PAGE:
It's long been tempting for people to think of railroads the same way they might think of carriageways, or the Pennsylvania Turnpike.  One entity owns the right of way, and other entities run the vehicles that run thereon.  In the absence of transaction costs, it might work.  On the Pennsylvania Turnpike, the transaction costs manifest themselves as traffic jams, or as rolling roadblocks when the semi going 46 pulls out to go around the semi going 45.

But in The Motherland of Railways, where for the past twenty years or so, something as close to a libertarian fantasy when it comes to unbundling the track from the trains, a rediscovery of the old ways seems the way to attain a state of good repair.
Chris Grayling, the Transport Secretary, will say he wants the publicly-owned Network Rail to share responsibility for running the tracks with private train operators.

It means that rail companies such as Virgin and Southern would become responsible for repairs and maintenance for the first time, ending Network Rail's monopoly.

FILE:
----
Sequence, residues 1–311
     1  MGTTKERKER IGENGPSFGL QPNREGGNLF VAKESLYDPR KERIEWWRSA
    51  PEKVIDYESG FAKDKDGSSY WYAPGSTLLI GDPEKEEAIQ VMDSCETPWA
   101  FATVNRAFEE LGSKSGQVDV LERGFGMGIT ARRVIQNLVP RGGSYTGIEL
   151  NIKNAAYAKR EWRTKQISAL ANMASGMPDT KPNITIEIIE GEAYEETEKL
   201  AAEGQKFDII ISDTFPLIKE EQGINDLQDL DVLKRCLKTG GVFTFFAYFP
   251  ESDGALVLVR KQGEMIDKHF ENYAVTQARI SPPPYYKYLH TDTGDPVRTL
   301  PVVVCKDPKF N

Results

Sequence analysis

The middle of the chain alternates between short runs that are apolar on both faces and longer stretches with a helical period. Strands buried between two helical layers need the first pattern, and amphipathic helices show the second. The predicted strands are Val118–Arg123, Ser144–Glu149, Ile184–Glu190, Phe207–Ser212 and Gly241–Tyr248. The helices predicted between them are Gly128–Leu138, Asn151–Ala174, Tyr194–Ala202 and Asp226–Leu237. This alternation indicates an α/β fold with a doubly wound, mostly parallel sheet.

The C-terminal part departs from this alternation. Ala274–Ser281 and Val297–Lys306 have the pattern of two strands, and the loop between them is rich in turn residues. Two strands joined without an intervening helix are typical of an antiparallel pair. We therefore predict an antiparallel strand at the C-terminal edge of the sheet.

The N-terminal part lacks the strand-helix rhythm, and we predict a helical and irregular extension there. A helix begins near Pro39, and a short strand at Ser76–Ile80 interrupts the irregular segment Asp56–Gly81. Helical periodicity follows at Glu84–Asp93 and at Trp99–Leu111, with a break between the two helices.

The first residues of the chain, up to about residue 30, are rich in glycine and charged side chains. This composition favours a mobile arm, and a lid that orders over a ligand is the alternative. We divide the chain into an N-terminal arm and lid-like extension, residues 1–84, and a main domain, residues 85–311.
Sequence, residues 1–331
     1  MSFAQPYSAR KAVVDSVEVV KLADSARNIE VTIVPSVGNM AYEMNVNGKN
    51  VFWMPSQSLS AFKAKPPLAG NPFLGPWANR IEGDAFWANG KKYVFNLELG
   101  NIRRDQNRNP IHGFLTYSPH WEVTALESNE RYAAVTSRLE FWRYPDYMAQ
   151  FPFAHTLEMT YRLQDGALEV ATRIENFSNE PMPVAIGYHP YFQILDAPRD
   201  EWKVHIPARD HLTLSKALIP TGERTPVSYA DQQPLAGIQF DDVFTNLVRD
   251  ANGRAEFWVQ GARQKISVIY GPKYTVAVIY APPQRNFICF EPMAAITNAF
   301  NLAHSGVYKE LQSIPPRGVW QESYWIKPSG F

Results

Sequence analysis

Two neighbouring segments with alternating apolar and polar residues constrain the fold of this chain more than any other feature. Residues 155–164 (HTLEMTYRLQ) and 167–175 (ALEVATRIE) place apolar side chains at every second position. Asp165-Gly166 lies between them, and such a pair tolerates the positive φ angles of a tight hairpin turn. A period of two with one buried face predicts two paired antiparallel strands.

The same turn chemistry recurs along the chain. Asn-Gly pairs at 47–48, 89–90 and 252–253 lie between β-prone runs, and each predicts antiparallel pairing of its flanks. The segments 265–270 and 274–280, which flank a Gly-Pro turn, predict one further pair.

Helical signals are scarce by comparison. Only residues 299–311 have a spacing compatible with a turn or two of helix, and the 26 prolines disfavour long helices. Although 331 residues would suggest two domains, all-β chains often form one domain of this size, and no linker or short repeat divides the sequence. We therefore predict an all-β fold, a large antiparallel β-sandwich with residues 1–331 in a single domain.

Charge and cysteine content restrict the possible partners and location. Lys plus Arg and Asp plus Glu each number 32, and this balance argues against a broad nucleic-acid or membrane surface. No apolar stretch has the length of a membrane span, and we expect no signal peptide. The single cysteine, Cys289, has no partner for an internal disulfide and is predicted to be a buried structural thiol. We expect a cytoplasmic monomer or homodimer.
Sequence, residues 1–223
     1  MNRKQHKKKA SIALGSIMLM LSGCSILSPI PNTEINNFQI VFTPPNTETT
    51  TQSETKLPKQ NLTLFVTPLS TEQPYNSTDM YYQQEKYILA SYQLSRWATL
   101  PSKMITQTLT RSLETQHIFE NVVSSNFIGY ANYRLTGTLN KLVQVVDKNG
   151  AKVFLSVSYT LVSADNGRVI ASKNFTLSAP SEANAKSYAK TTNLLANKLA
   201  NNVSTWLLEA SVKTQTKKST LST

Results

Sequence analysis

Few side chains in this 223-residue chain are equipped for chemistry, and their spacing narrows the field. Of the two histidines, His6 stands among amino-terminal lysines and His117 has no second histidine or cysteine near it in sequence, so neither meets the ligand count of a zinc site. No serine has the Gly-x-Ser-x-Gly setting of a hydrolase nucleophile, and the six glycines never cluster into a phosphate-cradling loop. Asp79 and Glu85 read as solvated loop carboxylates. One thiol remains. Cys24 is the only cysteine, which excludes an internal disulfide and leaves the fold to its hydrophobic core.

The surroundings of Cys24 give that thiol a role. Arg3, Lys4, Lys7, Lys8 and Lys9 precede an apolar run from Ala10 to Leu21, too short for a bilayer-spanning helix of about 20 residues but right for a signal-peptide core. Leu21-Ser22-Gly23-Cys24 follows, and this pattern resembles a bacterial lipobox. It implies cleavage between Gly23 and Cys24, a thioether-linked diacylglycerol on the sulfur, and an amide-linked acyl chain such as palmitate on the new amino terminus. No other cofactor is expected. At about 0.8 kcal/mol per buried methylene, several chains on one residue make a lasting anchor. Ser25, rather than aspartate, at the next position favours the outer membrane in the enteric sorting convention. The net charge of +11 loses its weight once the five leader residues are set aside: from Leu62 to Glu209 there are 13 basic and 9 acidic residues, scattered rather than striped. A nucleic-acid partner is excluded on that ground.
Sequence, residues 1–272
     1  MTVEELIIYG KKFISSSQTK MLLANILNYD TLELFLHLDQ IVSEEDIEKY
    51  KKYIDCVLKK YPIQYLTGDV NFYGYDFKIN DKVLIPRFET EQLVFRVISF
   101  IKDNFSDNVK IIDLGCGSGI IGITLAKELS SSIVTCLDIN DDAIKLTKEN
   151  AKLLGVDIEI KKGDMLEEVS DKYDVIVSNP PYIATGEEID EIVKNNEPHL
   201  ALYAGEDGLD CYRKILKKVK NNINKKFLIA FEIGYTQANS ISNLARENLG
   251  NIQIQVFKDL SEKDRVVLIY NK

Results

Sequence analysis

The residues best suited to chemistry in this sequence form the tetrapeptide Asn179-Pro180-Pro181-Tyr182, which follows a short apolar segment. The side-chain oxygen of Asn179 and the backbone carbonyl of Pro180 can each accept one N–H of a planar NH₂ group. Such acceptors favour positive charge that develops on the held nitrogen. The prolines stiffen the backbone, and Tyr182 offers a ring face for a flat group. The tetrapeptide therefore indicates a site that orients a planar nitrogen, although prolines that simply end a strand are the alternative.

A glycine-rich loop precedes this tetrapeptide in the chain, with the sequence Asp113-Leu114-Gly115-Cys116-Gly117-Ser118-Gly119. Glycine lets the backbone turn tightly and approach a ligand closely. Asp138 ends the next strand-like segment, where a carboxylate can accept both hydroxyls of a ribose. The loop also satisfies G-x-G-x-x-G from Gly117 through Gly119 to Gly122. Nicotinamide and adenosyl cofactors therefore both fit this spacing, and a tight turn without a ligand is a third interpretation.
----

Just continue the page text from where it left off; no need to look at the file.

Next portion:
It's the transaction costs, stupid. “Too many people and organisations are now involved in getting things done - so nothing happens.” Or what happens isn't good service, such as taking tracks out of service for repair during the Festive Season.  Passenger complains to carrier, carrier complains to Network Rail, Network Rail consults the Archbishop of Canterbury, and perhaps the passenger gets a partial refund.  If you haven't got a ha'penny ...

In time they'll learn. Railroads would like to have the kind of control over scheduling and reliability that comes from common mechanical standards, dispatching, and scheduling.

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